Auf die Minute! Frau Bienkowski says, glancing at the clock which hangs to her right.
This is always my greeting. It is the third and final thing that happens before we shake hands.
First I knock twice on the door. Frau Bienkowski says “Ja” in two syllables, which she stresses equally.
And as I am pushing open the door and making my way past where her coat hangs, she says it.
Auf die Minute! – to the minute!
Once, Frau Bienkowski had another visitor – a lady – when I knocked on the door at precisely 3 o’clock.
Auf die Minute! they said in unison, because Frau Bienkowski had told the lady that I come exactly on time, every time. And we all laughed.
“So gehört es sich auch,” – that’s how it should be – I retort as I take the hand she has outstretched.
Sometimes Frau Bienkowski playfully teases me about my punctuality.
“You must pace around the corridors!” she says.
“The corridors? Are you joking? I go for a walk in the gardens!”
It is a source of immeasurable pride that my punctuality amuses and reassures a German. A 94-year-old German at that.
I have not told Frau Bienkowski that she alone benefits from my impeccable timekeeping and that back home, my parents are bemused by what they called my “scurry” – a trademark dash out the door which I perform with my shoulders hunched forward, my head down and usually missing an item vital to the appointment I am trying to make.
Today Frau Bienkowski is wearing a yellow jumper with short sleeves. She matches the apricots I have brought her.
“I couldn’t find the Turkish apricots which you requested,” I tell her. “These are Greek.”
“Oh, perfect,” she says.
“And they are still a little hard. But I chose them deliberately because they go soft so quickly.”
“Absolutely right,” she says, digging out her purse and pouring coins onto the table. “Now, what do I owe you?”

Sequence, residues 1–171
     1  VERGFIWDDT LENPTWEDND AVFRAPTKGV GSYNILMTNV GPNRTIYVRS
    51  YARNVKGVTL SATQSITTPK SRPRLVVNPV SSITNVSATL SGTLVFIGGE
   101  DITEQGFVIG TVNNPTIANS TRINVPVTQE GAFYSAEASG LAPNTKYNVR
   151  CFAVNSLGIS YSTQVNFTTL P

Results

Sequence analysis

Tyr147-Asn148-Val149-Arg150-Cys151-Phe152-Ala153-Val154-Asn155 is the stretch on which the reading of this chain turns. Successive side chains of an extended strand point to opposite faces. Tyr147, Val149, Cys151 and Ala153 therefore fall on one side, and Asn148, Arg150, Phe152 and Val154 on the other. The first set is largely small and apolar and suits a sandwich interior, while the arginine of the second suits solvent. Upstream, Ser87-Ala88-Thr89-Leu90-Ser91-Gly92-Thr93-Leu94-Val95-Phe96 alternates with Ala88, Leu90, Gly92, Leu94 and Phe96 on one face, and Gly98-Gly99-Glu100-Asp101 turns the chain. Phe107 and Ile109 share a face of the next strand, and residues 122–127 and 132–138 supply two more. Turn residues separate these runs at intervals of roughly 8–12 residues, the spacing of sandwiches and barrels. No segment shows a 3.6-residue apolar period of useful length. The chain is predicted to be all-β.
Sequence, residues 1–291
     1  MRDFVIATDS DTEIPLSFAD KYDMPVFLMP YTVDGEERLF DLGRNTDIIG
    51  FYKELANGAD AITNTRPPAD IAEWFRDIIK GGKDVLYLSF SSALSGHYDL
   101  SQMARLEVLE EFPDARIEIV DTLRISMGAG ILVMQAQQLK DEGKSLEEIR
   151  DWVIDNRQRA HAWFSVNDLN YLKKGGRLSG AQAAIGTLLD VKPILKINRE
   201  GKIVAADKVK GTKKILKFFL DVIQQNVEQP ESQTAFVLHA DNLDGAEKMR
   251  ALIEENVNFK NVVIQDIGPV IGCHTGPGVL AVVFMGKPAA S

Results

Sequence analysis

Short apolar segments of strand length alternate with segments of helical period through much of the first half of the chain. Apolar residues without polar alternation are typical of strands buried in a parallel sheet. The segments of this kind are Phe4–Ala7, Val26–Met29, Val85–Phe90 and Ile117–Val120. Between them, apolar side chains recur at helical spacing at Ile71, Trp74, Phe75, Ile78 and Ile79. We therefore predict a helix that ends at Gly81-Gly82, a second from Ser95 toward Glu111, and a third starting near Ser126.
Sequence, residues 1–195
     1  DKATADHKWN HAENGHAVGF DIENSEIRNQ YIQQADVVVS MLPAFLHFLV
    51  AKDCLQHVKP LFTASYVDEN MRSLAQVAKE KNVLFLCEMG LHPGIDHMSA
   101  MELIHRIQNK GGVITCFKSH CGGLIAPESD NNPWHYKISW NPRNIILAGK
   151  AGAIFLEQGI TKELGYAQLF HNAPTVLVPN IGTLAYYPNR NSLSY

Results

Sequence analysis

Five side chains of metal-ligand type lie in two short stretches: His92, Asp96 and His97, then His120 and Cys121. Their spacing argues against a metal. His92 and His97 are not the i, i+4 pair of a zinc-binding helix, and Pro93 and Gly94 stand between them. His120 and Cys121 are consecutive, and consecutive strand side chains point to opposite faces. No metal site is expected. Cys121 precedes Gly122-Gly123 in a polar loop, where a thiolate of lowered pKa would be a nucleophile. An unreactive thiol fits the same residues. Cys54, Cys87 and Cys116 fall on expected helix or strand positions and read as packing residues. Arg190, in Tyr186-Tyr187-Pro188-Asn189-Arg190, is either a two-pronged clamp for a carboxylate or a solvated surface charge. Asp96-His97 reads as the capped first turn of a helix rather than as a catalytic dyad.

“Nothing,” I say. “I get a monthly travel allowance of €25 for visiting you, which I do not use because I walk. I think it’s well spent on apricots.”
“Katechen,” she says, as more coins topple out of her purse. “I swear to you, I will not ask you to get me anything ever again if you do this!”
“But I don’t need the…”
“They cost €2.29,” I say.
“Good,” she says. “Take €2.50.”
“Ha! You must be joking.”
Frau Bienkowski digs her fingers through the netting of the plastic container. She gropes the apricots, pressing them with her forefinger and thumb.
“Let’s have one each,” she says.
I take them and rinse them under the tap in her toilet sink.
To the left there is a plastic shower seat, where Frau Bienkowski sits when she gets her back washed.
“It is the only thing I can’t do for myself,” she has told me many times. “I can still do everything else. I can get dressed, and make my way downstairs for lunch. I always say, as long as I still can, I will…But I can’t reach my back any longer.”
We sit by the window, munching apricots.
It is a dull day, but every now and then, the sun breaks out from behind the clouds.
On the window sill is a line of pots.
“Look,” Frau Bienkowski says, pointing to the pot of carnations I brought for her birthday.
They are deep pink and in full bloom.